“The strength of Zotero over Mendeley is its ability to simply bring bibliographical information from the web via the Firefox web plug-in into your library.”
        You can do this too in Mendeley: http://www.mendeley.com/import/

      • Thanks, Tom, for reading and taking the time to comment. I agree about the tantalizing dimension of the iPad: it is excellent in many ways, but hobbled in others.
        Evernote is an integral part of my daily workflow. I use it for all my work related note taking and increasingly for scholarly work too. The advantage is that I have my notes up-to-date across all devices and platforms. I don’t use the web-clipping feature as much as I might, and I can understand how it is frustrating not to have it on the iPad.
        I would love to see Evernote as a plug-in for Mendeley or for Mendeley to offer similar functionality to their mobile and desktop apps. The former would be better for me as I already have so much on Evernote.

      • Christoph says:

        Hello,
        I really enjoyed this article. I am trying to integrate the iPad into my own workflow, but the dropbox integration is still wanting. One project that might help you get around at least some of the hassle of putting the PDFs back into dropbox is a new service called Habilis, that lets you send files to your dropbox via email. Not quite there yet ( you cannot set folders, for example), but it is certainly a start.
        Check it out:
        http://www.gethabilis.com/

      • I did an interview with NPR on Reading Dickens Four Ways….which became Reading Dickens FIVE ways with the introduction of the iPad.
        http://kirschner.org

      • Kurt says:

        Great post, Chris. Thanks for the introduction to Mendeley. I’ve been a very happy Zotero user, but Mendeley has some great features missing in Zotero:
        1. “PDF renaming and filing: Mendeley can rename PDFs based on bibliographic data, e.g. “Author – Year – Title.pd” …”
        This alone is brilliant. I spend a lot of time renaming every new PDF with a similar convention.
        2. “Citation extraction: Just drag & drop PDFs into Mendeley Desktop to start the automatic extraction of bibliographic metadata (authors, year, journal, volume, issue, etc.)…”
        Again: Excellent. And if the XMP metadata isn’t embedded in the PDF, Mendeley tries to get the metadata by scanning the full-text. Wow. I’d be interested to see how well this works. For instance, how would it know how to parse out authors first and last names, much less find them in the first place.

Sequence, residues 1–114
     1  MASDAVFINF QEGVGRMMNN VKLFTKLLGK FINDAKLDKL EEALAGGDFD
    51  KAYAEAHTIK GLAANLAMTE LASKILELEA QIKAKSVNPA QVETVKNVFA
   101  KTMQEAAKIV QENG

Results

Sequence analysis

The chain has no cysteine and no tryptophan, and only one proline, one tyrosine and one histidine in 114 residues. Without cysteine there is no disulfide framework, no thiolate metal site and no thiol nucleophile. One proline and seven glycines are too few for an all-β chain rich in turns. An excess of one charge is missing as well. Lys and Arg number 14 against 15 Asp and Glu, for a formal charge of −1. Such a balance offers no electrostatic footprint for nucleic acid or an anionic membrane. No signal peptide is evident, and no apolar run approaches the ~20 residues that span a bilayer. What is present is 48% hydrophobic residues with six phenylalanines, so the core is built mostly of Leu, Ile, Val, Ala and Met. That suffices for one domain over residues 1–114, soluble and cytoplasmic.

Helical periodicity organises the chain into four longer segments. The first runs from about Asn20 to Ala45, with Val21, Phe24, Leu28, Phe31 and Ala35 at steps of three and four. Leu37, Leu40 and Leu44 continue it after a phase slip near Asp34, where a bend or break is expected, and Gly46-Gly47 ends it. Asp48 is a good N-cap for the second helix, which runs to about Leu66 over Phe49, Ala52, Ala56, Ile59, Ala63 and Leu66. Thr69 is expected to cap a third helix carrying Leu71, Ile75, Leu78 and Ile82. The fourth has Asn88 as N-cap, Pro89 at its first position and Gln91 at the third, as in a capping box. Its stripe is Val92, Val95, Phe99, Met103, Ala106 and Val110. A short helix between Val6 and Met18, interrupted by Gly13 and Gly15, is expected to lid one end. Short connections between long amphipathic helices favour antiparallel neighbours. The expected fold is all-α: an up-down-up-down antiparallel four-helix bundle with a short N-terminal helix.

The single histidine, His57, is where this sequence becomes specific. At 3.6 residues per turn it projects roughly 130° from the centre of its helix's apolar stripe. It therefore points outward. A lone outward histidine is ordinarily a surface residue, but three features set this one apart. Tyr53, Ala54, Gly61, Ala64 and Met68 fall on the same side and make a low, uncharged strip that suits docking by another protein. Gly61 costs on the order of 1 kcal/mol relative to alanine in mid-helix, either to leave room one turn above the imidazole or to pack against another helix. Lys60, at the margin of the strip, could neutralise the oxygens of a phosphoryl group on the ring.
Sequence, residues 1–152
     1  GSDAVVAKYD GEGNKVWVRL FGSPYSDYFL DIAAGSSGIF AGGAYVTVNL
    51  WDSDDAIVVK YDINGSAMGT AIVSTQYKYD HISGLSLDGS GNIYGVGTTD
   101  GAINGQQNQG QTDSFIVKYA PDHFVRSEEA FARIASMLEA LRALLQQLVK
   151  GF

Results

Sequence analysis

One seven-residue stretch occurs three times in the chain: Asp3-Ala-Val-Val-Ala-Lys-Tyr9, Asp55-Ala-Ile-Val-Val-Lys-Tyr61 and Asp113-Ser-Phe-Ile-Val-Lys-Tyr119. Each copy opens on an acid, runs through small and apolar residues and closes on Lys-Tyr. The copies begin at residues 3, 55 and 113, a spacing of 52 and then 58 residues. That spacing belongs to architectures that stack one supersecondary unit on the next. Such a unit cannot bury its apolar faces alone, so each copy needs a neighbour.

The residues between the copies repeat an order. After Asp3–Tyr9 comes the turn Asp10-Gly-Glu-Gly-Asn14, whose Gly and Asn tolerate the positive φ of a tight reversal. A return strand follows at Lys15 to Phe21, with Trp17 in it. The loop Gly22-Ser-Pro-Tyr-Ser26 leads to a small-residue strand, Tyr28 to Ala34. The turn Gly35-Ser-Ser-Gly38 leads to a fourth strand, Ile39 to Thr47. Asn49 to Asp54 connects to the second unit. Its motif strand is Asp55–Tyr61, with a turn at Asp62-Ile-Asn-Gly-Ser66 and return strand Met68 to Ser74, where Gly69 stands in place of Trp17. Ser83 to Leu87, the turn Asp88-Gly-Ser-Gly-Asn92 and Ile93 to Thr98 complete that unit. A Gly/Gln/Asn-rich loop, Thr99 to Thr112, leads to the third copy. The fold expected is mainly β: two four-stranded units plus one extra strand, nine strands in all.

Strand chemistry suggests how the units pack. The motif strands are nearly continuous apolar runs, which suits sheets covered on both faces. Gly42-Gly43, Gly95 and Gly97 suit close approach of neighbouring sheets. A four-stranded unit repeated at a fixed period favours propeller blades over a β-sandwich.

3. “Research database lookup: Mendeley cross-checks your research paper collection against external databases like CrossRef, PubMed, arXiv, or Google Scholar, using DOIs and other unique identifiers. When additional information, such as abstracts and keywords, are available, they are automatically added to your research paper library.”
        Great feature. I’m don’t think Zotero has this.
        Although the Mendeley website doesn’t say this explicitly, I assume your library and files are stored in the cloud so they’re accessible from any computer? If so, how much storage do you have? Are there costs for more storage? The one thing I love about Zotero is it’s entirely web-based; no need to installed an “i-Tunes” like program on your PC. Is Mendeley similar in this regard?
        And GoodReader’s PDF reading features are lightyears better than Dropbox’s, so immediate integration with GoodReader would be great (although GoodReader can download files from Dropbox, but that’s one more step and it creates yet another copy of your PDF). As for emailing files to your Dropbox, I’ve been happy with http://sendtodropbox.com/. You just email the PDF to the email assigned to you (add it your contacts and call it “Dropbox) and it shows up in Dropbox seconds later, in a folder called “Attachments.”

      • Christopher P. Long says:

        Thanks, Kurt, for this comment. I agree with you that Mendeley seems to have surpassed Zotero in feature sets.
        Yes, your library in Mendeley is stored in the cloud and you can access it on multiple devices, including now, their new iPhone app. You get 1 GB of storage for free, 500 MB of it is for personal space and 500 MB for shared libraries. They have more options if you are willing to pay a bit.
        They are developing an iPad app, which I hope will deal with the question of annotating pdf files. Mendeley can be used from the web interface, although I think the integration with word processing is handled by the desktop app (unlike Zotero, which handles it all through Firefox.)
        I will have to look into sendtodropbox, but thanks for the tip! I will be interested to hear if you decide to move over the Mendeley from Zotero.

      • AW says:

        You and I are on the same page in many ways. I find, though, that the care and feeding of Mendeley is not delivering in the long run, so I ditched it. Love your blog.
        http://bit.ly/9VzZ3w

      • And GoodReader’s PDF reading features are lightyears better than Dropbox’s, so immediate integration with GoodReader would be great (although GoodReader can download files from Dropbox??